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Long-term cover cropping seasonally affects soil microbial carbon metabolism in an apple orchard

Groundcover management can significantly affect soil microbial metabolic activities, especially
carbon metabolism, in apple orchards. However, there have been few studies on the effects of
groundcover on the seasonality of soil microbial carbon metabolism. We, therefore, studied soil
microbial carbon metabolism in an apple orchard on China’s Loess Plateau under four single
species cover crops (the grass Dactylis glomerata L., and the legumes Trifolium repens, Coronilla
varia L., Lotus corniculatus L.) during spring, summer and fall. Cover cropping significantly, but
differentially, promoted soil microbial carbon metabolism in spring and fall. However, cover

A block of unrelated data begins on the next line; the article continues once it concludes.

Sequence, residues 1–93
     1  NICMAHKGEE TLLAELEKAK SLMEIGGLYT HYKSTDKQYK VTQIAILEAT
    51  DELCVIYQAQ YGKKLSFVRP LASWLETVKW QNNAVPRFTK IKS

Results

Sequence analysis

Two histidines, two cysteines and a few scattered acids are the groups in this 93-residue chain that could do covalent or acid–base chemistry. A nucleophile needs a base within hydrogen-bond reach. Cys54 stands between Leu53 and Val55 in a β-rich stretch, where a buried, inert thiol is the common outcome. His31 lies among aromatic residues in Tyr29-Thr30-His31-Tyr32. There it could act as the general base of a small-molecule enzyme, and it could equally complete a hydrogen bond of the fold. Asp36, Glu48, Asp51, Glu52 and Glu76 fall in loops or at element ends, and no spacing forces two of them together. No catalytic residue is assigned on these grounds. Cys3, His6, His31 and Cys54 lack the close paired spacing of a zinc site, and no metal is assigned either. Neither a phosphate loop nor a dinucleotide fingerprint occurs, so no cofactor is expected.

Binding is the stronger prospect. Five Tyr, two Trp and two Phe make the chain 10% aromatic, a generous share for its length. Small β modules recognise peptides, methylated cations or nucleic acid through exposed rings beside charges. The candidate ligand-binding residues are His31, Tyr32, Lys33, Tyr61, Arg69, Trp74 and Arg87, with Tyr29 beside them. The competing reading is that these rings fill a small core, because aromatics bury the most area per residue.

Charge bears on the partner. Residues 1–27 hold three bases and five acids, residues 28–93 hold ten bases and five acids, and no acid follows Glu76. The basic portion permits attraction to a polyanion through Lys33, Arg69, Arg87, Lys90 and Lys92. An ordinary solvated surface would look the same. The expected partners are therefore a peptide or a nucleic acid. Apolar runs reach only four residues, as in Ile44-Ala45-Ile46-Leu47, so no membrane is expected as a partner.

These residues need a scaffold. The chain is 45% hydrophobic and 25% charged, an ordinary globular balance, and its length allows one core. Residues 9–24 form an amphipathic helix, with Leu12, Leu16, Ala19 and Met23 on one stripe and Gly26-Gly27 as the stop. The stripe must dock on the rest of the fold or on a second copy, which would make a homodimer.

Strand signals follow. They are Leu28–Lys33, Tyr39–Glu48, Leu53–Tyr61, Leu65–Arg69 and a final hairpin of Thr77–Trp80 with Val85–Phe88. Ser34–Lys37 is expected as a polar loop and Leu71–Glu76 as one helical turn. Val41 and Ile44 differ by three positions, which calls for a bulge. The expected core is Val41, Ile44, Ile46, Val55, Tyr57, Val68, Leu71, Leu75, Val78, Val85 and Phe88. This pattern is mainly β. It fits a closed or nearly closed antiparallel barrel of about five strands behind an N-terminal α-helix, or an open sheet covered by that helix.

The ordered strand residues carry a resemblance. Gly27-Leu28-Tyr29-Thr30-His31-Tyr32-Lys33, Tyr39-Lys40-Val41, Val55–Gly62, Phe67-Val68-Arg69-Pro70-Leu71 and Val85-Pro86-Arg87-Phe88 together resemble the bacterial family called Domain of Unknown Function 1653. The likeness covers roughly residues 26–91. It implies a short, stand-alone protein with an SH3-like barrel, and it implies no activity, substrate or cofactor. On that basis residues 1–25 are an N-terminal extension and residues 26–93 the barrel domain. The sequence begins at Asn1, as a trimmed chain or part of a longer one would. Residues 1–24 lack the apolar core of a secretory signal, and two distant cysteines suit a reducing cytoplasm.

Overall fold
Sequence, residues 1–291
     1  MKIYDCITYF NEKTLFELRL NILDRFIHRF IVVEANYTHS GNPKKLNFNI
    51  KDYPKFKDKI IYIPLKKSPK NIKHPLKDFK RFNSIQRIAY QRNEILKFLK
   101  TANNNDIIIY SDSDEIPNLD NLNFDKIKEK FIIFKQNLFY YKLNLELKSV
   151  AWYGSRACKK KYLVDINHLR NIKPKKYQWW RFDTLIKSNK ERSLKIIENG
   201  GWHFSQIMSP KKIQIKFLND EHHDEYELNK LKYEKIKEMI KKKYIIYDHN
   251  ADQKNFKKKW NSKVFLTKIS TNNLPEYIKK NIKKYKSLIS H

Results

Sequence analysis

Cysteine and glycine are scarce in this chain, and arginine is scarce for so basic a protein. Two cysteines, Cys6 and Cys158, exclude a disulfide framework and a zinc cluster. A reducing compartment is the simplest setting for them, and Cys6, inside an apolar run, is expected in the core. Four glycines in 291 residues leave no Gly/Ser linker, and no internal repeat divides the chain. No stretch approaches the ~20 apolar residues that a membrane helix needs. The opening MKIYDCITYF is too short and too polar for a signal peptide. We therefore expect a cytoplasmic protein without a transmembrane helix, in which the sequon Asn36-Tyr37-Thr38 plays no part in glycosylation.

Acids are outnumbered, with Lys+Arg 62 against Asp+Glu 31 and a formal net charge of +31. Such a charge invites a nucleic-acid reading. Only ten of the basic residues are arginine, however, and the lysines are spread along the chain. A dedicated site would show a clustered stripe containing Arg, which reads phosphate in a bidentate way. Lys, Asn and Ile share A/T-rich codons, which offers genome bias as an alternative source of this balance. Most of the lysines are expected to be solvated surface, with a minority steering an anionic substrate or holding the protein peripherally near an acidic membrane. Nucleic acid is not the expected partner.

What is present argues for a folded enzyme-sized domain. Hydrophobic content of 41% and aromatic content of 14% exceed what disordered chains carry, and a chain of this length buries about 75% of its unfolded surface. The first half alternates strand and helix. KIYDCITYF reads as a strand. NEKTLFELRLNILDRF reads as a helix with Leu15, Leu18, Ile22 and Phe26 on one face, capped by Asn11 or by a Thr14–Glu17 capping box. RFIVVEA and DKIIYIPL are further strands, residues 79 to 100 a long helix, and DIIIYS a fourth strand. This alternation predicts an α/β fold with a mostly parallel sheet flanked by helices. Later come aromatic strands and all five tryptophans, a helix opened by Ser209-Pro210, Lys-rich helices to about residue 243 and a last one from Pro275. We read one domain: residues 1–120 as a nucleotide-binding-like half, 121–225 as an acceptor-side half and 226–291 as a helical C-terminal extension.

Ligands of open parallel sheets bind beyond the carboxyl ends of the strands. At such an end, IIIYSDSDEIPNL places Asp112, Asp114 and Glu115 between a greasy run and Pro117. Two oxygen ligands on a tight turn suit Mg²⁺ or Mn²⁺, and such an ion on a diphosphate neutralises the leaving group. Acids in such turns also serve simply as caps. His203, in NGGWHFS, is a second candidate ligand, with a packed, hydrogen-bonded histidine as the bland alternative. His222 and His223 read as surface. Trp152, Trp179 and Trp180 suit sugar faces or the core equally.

cropping leads to a significant reduction of soil moisture in spring and summer due to the
competition of soil moisture between the cover crops and apple trees, which probably lead to
the changes in types of carbon substances metabolizing by soil microbes in summer. Besides,
cover crop significantly enhanced soil organic carbon contents between three seasons while clean
cultivation had slight, non-significant effects. The promotion of soil microbial metabolic activities
was probably an important mechanism for the carbon accumulation, and we postulate that
leguminous cover plants may have significantly different effects, mediated through their root
exudates, from grasses on soil carbon contents.

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